SHANGHAI: Chinese consumers are more outward-looking than much of Asia, but brands must focus on trustworthiness and innovation in order to be successful there.
A new McCann study, The Truth About Global Brands, surveyed consumers in 29 countries, including more than 9,000 in nine Asia-Pacific markets and found that China's positive sentiment towards globalization is the highest in Asia.
Fully 86% of Chinese consumers feel proud of their local culture and national identity, but nearly two thirds of Chinese are eager to be integrated into a global culture.
For brands, China's outward-looking consumers provide tremendous opportunities for international brands. Despite a high level of nationalistic pride, just 34% of Chinese consumers are optimistic about 'Made in China' products.
McCann's study reports that trustworthiness (41%) and innovation of brands (43%) are important factors for Chinese consumers – both much higher than the global average.
Chinese consumers are also likely to refer to their peers for information about products. For brands, transparency and actively building trust on a personal level is key. According to a recent Edelman survey – Innovation and the Earned Brand – 41% of Chinese respondents say peer conversations make them trust a brand more, help them overcome concerns (30%), help them make decisions (31%) and warn them of risks (37%) about a product or service.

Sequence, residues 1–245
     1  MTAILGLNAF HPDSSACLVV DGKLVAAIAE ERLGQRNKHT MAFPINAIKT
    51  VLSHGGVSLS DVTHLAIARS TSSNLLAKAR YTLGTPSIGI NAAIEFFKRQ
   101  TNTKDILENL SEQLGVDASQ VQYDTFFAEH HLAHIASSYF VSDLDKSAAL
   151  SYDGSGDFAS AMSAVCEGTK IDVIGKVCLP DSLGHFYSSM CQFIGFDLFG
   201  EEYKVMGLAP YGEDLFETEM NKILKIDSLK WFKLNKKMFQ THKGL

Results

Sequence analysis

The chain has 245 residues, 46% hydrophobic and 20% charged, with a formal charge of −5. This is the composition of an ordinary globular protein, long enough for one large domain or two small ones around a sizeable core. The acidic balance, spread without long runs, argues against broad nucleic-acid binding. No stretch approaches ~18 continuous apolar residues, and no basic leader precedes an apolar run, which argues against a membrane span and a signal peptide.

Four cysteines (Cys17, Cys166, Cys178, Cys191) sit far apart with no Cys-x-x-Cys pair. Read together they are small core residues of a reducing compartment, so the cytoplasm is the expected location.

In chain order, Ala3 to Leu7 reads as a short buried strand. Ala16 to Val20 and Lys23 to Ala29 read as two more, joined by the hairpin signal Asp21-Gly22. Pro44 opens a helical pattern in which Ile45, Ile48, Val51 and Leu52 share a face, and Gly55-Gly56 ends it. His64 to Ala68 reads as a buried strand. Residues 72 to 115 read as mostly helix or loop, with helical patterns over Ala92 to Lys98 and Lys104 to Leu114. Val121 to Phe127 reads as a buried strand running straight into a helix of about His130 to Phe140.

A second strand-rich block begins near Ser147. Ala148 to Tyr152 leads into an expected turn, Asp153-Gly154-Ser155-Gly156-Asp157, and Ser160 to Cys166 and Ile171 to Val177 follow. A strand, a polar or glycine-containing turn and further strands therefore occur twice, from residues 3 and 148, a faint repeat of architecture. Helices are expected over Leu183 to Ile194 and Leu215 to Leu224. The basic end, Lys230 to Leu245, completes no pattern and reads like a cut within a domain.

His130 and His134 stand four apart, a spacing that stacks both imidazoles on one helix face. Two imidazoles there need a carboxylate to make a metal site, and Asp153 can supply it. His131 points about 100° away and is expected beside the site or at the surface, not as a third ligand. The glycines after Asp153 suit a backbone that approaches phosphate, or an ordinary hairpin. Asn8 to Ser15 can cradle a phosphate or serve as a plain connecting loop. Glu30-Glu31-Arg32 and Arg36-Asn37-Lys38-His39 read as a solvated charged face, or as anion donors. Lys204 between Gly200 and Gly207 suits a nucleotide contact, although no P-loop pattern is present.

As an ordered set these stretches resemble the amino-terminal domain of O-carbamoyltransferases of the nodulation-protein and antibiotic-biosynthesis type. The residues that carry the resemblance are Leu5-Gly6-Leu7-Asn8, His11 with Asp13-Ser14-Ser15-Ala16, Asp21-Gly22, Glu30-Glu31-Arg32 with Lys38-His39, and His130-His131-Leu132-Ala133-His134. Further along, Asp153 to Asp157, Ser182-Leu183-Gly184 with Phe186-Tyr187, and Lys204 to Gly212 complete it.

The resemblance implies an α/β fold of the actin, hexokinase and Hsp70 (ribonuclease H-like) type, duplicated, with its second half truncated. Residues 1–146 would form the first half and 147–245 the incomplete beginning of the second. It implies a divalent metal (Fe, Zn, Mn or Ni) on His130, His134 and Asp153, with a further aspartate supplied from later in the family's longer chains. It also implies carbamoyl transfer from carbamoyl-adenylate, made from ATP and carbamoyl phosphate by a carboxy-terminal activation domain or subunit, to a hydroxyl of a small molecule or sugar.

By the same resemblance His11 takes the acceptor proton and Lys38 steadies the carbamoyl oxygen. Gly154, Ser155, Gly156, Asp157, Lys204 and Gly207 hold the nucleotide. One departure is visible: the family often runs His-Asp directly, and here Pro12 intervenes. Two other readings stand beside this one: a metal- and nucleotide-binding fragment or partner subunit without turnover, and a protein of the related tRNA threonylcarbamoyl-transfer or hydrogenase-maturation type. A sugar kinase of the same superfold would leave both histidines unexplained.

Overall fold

In practice, brands who actively engage on a personal level are more likely to be resilient with Chinese consumers. Four in every five Chinese consumers tend to trust brands that encourage peer-to-peer conversations, according to Edelman.
The power of such conversations was demonstrated in 2013, amidst an infant formula contamination crisis. New Zealand dairy giant Fonterra took a hit in China with negative press and misinformation spreading through China's social media channels about the safety of its infant formula.
Real employees – writing in Chinese languages – addressed all of the concerns stemming from real consumer voices, creating real mutual dialogue to reassure them on the quality and standard of Fonterra's products while making personal connections with consumers. Just a few weeks later, Fonterra launched a premium dairy range in China, which sold out.
Data sourced from Marketing; additional content by Warc staff